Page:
makes two tarts
2½ cups ap flour // 320 grams (*i used 160 grams ap and 160 grams chestnut flour)
1 teaspoon salt // 6 grams
1 cup (2 sticks) well-chilled unsalted butter // 225 grams
1/2 cup finely grated parmesan // 64 grams
extra butter or oil to prep pan
6 beefsteak tomatoes, in various colors
16oz ricotta cheese // 500 grams
8-10 basil leaves
lemon, honey, extra-virgin olive oil, salt, pepper for seasoning
bag of rice or beans for par-bake
tart pan (like this one) or a 9-inch pie pan
crust (adapted from Kate Lebo’s, Pie School):
- preheat the oven to 425 degrees.
- fill a spouted liquid measuring cup with about 3/4 cups of water, plop in some ice cubes, and place it in the freezer while you prep the following steps.
- in a large bowl, mix the flour, parmesan and salt. drop 1-tablespoon pieces of butter into the flour and toss the fat with the flour to evenly distribute it.
- place your palms up and curl your fingers back to scoop up the flour and fat. rub, rub, rub it between your thumb and fingers, letting it fall back into the bowl after rubbing. make sure you reach into the bottom and around the sides of the bowl to incorporate all the flour into the fat, until the mixture is slightly yellow, slightly damp. it should be chunky—mostly cherry-size pieces, the smaller bits resembling coarse cornmeal.
- take the water out of the freezer. pour it (slowly!) in a steady thin stream around the bowl for about 5 seconds. toss to distribute the moisture. as you add a bit more water and toss, the dough will become a bit shaggy and slightly tacky to the touch. press a small bit of the mixture together and toss it gently in the air. if it breaks apart when you catch it, add more water, toss to distribute the moisture, and test again. if the dough ball keeps its shape, it’s done.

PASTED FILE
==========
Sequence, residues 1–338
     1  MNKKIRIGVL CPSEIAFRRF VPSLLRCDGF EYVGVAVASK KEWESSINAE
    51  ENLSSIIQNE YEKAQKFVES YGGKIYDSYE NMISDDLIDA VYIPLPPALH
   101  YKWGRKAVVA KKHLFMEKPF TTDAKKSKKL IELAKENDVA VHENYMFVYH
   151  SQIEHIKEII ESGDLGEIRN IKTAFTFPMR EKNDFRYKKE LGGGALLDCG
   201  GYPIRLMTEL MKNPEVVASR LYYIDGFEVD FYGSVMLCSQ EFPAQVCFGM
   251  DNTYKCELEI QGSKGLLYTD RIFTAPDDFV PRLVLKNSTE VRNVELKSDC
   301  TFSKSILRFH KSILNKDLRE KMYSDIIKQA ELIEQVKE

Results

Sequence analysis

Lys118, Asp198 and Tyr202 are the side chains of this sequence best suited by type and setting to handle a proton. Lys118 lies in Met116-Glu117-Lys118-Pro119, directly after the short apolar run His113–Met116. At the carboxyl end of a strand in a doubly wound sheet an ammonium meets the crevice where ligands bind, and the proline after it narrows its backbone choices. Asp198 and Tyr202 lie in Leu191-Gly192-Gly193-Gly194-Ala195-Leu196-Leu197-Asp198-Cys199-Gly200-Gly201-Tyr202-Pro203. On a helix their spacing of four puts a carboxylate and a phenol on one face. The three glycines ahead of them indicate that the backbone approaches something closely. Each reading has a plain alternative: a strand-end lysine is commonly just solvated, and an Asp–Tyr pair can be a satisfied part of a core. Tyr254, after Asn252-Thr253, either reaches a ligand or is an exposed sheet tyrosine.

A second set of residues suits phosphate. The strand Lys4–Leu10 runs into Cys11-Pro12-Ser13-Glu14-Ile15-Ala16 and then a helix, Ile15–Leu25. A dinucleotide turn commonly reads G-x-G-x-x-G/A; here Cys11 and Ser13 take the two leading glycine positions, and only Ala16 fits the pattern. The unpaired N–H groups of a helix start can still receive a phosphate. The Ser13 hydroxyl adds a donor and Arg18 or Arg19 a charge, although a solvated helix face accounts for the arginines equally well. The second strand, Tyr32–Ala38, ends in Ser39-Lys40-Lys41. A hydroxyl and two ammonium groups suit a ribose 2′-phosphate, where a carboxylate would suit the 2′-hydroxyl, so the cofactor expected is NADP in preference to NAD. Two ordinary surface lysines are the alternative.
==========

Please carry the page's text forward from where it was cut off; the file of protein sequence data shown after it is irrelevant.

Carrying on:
- split the dough into 2 and form each ball into a thick disk using your palms and thumbs. wrap both disks in plastic wrap. refrigerate for 30 minutes to 3 days before rolling.
- once rested, take the crust out of the fridge and roll to fit your tart or pie pan. before transferring to the pan, make sure you’ve buttered or oiled the pan. fit to the mold.
- layer a sheet of tin foil on the crust. pour the beans or rice onto the tin foil to prep the crust for par-baking.
- bake the crust for 15 minutes at 425 degrees, then lower the heat to 375 degrees and bake for 15 more minutes.
assembly (while your crust is baking!):
- finely chop the basil leaves. add half of the chopped leaves to the ricotta cheese and reserve the rest for decoration. add a hefty drizzle of lemon juice, extra-virgin olive oil, and honey to the ricotta. season with salt and pepper.
- wash and slice your tomatoes. you’re looking for a width around 1cm. i also peeled my tomatoes but it’s not mandatory!
- once crust comes out of the oven, let cool completely. to speed things up, you can put it into the fridge or a quick dip in the freezer for cooling. (but don’t freeze it!)
- once cool, spoon a thick layer of ricotta on the crust. then layer the tomatoes on top. season to finish!
all photography by catherine o’donnell/foodstuffs